Goodwill has no season
FROM ALL PERSPECTIVES, the past year has been very challenging to most countries around the globe, particularly on the economic side. The financial crisis spread wreaked havoc on countries like Ireland and Greece in particular, and stability is still somewhat precarious.
As a country, though we had our share of ups and downs, we should ignore that which brings differences and embrace the true meaning of this time of year – it is a time for peace, love and hope for all of us of the Christian faith.
To some of us, it is also a time for humility, as evidenced by that virgin birth in a less than habitable manger. We must however use this period as an opportunity to look back over the past 12 months, see our shortcomings or successes and prepare to make important resolutions in the New Year to enhance our difficult state of affairs.
As a country, we have had our ups and downs. And, indeed, despite our shortcomings and failures, we have a reason to stand united and proud that we have ridden the storm with few scars.
At this time we should also realize that despite the challenges, not everything around us is gloomy. If we put our collective minds to the task ahead and every person puts his hands to the plough, there is nothing that cannot be overcome through discipline, hardwork, and sacrifice.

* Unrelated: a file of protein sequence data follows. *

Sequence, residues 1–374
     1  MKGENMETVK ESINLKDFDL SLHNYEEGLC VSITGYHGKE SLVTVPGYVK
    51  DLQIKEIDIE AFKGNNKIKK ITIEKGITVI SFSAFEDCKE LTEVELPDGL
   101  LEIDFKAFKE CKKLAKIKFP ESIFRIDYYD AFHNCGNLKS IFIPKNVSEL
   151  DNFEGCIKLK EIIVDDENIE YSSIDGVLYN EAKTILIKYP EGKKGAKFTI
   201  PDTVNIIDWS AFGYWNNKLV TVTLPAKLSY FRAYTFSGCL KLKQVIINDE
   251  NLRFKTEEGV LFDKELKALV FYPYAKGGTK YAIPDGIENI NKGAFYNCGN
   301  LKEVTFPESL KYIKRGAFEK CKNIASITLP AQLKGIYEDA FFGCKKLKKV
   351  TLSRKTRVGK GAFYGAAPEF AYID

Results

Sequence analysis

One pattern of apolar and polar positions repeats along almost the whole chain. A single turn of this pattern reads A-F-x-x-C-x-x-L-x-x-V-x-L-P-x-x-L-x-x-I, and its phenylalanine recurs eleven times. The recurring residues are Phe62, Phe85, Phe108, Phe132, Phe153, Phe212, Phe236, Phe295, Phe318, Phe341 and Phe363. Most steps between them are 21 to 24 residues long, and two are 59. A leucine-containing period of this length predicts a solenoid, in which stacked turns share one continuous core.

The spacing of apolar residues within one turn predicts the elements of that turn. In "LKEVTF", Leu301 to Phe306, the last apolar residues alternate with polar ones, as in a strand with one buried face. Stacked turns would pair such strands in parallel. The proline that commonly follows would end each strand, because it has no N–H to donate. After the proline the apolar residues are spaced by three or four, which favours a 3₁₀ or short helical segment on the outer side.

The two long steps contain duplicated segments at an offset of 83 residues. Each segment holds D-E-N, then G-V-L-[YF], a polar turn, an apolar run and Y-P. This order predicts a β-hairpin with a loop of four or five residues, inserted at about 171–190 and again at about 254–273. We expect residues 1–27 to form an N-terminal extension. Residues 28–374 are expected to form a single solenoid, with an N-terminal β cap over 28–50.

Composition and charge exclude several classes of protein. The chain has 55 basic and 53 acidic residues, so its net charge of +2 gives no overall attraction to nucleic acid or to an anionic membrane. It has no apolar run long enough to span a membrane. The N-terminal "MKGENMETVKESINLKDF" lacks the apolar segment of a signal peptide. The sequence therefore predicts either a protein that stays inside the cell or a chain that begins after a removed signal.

There have been times in the past when the country was rejuvenated by inspired leadership. The time has now come again. There have been many cases of people extending their benevolent deeds to fellow citizens, even in the toughest of times.
It is now time to do so for our country.
To borrow from our African brothers, though it is a season of goodwill messages and talk of peace, we need to ponder: does goodwill really have a season? “If people genuinely love one another it would be simple living together in harmony without the divisions – ethnic, political or class stratification – that typify our society today.”
As Barbadians we should endeavour to do away with pride and bigotry, and selfishness and greed, and embrace the spirit of sacrifice and caring for our fellowmen despite being caught up in a world of turmoil, hate and even despair, because of our own folly.
We should all aspire to a position where we can rediscover and recapture our social responsibility to our families and to our country despite the materialism strangling our society. The first bastion of succour and support should be the family and not Government.
Commercialisation is being allowed to overshadow the noble meaning of our lives and humanity. We must remember that our most important gift is not the umwrapped present but the random acts of kindness, small favours done unasked and moments of love and unselfishness spent with family and friends. This is what really makes the difference in the human experience.